Back in 2006, Paul Lukas, the guru of sports uniforms whose UniWatch column can be found at ESPN Page 2, alerted me to an interesting video on YouTube. The video can be seen here.
Originally billed as footage from the 1929 World Series at Wrigley Field, research reveals that almost half of the footage is actually from 1930.
The park is definitely Wrigley Field from the era. Here is the scoreboard in center field seen at 1:44 of the YouTube video:
Compare this with a photo showing the scoreboard in center field at Wrigley Field during the 1929 World Series from the Chicago Daily News collection at the Library of Congress's American Memory web site.
Chicago Daily News negatives collection, SDN-069131. Courtesy of the Chicago Historical Society.
The first clue that the footage is not all from 1929 comes from 00:30 to 00:43 of the video, which shows the Cubs wearing their 1930 uniforms. Here's a still from 00:31 of the video:
In 1929, the Cubs wore uniforms that featured a wishbone "C" with an image of a bear-cub inside it. In 1930, however, the club featured the letters "UBS" inside the wishbone "C," combining to make the word "CUBS." Compare the photo above to the drawings of the 1929 (top) and 1930 (bottom) Cubs uniforms at the Dressed to the Nines online exhibit at the National Baseball Hall of Fame's web site:
By the way, the Cub at far right (with the noticeably white hair) is coach and former major league player Jimmy Burke. Though the Library of Congress lists the photo below as "unidentified," it is clearly of Burke:
Chicago Daily News negatives collection, SDN-068569. Courtesy of the Chicago Historical Society.
From about 1:05 to 1:42 or so, the Cubs are seen carrying a large flag and, directly behind them, members of another club are seen with uniforms that clearly have some sort of markings on the backs of their jerseys. Here's a still from 01:13 of the video:
And here's another from 1:29 that shows the unusual markings on the back of the visiting club's uniforms (at far right):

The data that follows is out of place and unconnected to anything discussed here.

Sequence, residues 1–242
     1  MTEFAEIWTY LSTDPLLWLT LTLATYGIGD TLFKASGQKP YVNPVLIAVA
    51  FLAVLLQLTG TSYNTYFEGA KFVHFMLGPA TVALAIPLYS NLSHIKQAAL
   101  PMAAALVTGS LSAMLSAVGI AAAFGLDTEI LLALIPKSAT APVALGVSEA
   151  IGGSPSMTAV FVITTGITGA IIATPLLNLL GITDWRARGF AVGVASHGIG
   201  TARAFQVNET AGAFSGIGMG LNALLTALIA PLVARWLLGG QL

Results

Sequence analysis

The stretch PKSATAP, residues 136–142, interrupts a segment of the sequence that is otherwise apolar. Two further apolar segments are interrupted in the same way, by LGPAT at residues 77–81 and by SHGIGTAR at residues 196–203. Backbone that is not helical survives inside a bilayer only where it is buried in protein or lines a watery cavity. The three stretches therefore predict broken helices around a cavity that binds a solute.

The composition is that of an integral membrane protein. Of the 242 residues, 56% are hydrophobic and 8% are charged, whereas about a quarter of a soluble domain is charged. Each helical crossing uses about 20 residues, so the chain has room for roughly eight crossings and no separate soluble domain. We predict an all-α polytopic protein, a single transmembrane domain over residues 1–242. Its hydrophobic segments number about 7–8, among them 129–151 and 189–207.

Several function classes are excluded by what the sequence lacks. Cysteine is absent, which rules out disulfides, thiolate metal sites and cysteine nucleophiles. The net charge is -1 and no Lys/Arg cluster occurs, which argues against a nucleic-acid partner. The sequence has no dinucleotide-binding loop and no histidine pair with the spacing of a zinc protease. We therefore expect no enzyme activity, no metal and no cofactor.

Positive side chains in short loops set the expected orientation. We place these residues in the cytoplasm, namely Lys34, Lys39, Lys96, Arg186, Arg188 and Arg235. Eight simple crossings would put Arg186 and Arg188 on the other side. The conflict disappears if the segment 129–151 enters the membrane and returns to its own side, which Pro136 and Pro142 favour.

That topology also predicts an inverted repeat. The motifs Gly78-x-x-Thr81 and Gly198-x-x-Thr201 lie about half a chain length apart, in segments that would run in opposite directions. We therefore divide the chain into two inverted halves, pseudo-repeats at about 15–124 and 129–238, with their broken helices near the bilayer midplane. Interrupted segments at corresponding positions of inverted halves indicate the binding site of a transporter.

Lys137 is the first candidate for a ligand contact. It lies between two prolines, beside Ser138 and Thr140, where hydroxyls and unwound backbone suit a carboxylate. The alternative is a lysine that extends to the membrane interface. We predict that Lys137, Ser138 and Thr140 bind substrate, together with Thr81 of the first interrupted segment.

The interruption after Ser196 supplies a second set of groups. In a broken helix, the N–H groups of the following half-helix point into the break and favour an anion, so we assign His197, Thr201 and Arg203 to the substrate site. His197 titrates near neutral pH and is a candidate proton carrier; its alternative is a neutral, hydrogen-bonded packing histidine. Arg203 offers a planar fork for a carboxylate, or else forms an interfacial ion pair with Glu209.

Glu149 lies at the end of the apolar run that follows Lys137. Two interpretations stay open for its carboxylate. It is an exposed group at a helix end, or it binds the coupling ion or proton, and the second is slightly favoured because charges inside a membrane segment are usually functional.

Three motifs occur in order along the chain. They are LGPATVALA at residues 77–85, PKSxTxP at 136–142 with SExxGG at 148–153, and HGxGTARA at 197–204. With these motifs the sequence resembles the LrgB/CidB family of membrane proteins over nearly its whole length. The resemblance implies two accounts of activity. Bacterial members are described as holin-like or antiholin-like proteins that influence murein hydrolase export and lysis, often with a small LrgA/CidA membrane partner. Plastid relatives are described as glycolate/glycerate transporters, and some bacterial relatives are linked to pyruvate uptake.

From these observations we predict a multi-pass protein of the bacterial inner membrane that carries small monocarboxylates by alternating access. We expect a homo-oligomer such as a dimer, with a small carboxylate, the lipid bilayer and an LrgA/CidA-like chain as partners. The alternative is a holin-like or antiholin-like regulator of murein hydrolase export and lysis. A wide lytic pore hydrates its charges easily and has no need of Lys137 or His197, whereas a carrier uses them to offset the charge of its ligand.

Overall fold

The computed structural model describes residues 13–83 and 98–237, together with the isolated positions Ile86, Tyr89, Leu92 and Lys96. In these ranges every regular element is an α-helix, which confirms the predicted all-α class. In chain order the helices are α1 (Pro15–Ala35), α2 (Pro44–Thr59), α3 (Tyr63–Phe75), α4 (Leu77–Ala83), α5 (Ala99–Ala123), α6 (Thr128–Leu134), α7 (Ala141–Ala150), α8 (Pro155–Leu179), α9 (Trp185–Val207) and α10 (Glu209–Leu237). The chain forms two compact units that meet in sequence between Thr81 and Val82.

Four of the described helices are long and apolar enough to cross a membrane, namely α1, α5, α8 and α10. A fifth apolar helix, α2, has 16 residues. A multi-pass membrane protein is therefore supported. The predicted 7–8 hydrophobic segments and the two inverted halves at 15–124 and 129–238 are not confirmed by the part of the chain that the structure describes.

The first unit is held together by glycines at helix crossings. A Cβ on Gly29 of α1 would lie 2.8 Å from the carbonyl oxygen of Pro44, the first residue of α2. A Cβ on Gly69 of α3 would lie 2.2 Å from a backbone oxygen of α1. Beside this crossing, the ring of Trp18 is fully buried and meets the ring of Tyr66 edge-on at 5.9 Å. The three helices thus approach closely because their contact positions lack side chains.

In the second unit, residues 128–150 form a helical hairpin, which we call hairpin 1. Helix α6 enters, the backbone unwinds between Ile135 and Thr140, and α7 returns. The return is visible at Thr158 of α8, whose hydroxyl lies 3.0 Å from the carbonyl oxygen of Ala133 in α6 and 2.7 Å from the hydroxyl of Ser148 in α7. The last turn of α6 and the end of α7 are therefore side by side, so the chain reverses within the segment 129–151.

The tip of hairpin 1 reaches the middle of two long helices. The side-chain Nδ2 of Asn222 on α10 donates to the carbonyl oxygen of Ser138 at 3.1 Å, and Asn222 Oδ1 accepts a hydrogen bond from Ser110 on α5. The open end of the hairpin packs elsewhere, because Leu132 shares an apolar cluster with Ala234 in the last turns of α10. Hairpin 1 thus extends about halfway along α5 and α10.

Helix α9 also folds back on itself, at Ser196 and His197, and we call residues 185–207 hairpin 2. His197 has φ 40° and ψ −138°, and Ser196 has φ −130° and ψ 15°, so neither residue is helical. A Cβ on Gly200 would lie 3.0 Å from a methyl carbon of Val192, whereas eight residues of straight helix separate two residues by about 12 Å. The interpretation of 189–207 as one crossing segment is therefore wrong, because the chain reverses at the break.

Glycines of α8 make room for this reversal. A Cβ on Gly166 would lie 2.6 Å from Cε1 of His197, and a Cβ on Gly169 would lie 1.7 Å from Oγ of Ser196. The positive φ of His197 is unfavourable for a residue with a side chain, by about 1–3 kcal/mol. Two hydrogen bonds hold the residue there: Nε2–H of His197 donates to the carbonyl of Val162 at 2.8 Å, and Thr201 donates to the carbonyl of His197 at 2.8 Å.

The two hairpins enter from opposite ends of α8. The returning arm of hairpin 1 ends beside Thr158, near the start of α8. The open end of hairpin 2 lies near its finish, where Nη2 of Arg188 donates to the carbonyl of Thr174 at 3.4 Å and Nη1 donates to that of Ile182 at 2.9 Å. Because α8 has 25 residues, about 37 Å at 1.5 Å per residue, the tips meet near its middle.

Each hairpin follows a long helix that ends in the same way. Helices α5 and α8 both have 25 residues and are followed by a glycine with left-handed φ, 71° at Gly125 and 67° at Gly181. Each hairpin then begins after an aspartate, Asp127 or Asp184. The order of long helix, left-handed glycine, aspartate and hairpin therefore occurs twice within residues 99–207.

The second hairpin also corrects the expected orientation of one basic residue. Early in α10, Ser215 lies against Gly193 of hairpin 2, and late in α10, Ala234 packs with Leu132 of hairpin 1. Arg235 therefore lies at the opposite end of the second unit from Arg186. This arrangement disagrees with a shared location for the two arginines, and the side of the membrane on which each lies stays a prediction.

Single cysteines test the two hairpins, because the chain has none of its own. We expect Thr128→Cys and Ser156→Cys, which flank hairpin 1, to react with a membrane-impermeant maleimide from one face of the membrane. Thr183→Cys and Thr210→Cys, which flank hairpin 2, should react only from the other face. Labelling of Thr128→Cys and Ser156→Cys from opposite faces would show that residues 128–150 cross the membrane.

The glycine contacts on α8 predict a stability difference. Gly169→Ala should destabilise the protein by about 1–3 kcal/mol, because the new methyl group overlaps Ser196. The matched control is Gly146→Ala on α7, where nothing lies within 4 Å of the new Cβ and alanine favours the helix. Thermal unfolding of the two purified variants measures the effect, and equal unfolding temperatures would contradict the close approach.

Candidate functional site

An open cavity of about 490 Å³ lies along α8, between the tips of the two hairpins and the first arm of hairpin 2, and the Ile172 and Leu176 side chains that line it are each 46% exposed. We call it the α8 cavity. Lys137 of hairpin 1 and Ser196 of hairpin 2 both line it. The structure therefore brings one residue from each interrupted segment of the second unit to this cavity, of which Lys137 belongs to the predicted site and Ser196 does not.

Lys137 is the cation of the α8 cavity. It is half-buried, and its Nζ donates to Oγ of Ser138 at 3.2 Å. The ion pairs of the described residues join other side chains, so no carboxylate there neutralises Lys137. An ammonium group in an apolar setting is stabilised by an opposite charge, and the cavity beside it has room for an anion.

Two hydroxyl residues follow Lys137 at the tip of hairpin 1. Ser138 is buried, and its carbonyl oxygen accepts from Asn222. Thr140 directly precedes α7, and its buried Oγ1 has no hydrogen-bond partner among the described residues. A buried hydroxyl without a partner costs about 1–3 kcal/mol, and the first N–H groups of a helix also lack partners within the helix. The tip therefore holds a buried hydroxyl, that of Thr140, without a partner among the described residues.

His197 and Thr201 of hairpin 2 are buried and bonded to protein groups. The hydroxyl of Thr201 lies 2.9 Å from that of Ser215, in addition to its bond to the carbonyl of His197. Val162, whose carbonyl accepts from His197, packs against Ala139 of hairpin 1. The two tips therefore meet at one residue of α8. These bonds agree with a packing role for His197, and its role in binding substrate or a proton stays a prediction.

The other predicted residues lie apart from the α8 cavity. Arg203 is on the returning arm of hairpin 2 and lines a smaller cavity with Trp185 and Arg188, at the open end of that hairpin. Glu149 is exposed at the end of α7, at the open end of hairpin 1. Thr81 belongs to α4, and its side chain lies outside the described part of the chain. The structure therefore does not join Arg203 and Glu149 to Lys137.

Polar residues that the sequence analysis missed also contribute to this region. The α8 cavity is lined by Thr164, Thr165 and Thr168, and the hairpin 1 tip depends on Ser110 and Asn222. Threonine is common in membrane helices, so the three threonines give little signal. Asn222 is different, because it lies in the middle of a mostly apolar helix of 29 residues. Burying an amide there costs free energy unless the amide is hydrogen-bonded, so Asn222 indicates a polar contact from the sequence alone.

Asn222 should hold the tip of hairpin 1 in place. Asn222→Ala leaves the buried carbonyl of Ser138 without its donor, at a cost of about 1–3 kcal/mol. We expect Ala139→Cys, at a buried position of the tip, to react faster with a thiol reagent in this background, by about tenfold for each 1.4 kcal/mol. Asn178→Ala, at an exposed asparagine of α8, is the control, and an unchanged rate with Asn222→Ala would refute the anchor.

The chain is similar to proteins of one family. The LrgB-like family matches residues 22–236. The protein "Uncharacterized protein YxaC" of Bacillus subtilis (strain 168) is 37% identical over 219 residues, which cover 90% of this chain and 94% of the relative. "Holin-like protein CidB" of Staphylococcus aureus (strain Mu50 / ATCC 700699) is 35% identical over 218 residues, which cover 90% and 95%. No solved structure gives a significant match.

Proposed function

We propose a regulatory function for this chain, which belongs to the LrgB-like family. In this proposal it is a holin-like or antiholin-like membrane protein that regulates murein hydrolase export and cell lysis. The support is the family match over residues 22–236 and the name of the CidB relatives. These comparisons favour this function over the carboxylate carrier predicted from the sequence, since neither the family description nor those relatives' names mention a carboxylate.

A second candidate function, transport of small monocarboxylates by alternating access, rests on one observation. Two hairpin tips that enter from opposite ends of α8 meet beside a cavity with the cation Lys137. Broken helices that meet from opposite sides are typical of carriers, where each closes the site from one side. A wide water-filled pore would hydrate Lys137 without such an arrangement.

From 1:43 to 2:05 it becomes clear that what the players were carrying was a pennant and it is being raised on the flagpole next to the scoreboard in center field. The pennant says: "CHAMPIONS / NATIONAL LEAGUE / 1929". Here are stills from 1:56 to 2:05:
During the flag raising, the scoreboard is visible. Here's a still from 01:44 of the video:
Note that at the top of the scoreboard it shows that the "CUBS" are playing "BOSTON." New York is at Pittsburgh (the game is in progress around the sixth inning or so), Brooklyn is at Cincinnati, and Philadelphia is at St. Louis.
According to the Retrosheet web site, these clubs played one another on June 21, 1930. Indeed, the partial line score from the Giants vs. Pirates game on the scoreboard matches Retrosheet's line score for the game.
These clues pinpoint the date of the footage as Flag Day, June 21, 1930, an appropriate holiday to raise the National League pennant. The Cubs paraded toward center field with the pennant, followed by the visiting club, the Boston Braves, who in 1929 and 1930 wore an Indian head logo on the back of their jerseys, as seen at the Dressed to the Nines online exhibit:
The same indian head can be seen on the back of the third baseman in this photo of Kiki Cuyler running to third as the Cubs host the Braves at Wrigley Field in 1929:
Chicago Daily News negatives collection, SDN-068978. Courtesy of the Chicago Historical Society.
The Chicago Daily Tribune of June 22, 1930, published the following photo of the Cubs with the pennant that is clearly from the same event:
Chicago Daily Tribune, June 20, 1930
The caption, in part, reads: "Champion Cubs celebrate the formal raising of the National league pennant with a double victory over the Boston Braves. ... The entire Bruin personnel parades before the crowd of 42,000 with the 1929 bunting, which was later unfurled in the stiff northeast breeze."
From 2:06 to 2:37, the two teams parade back to the infield, with the Cubs on the third base side, and the Braves on the first base side. And from 2:38 to 3:14, action is seen from the doubleheader played that day. From 3:11 to 3:14 one can even see Cubs southpaw pitcher Bud Teachout deliver a pitch.
Note that at 3:01 there is clearly no bunting visible on the façade of the second deck:
But soon afterward the footage switches from Flag Day 1930 to pre-game and game-action from the 1929 World Series. Note that at 3:29 the bunting one would expect to see at the World Series is now visible:
The rest of the film does indeed appear to be from the 1929 World Series at Wrigley Field, though it is not clear if the action is from Game One (October 8) or Game Two (October 9).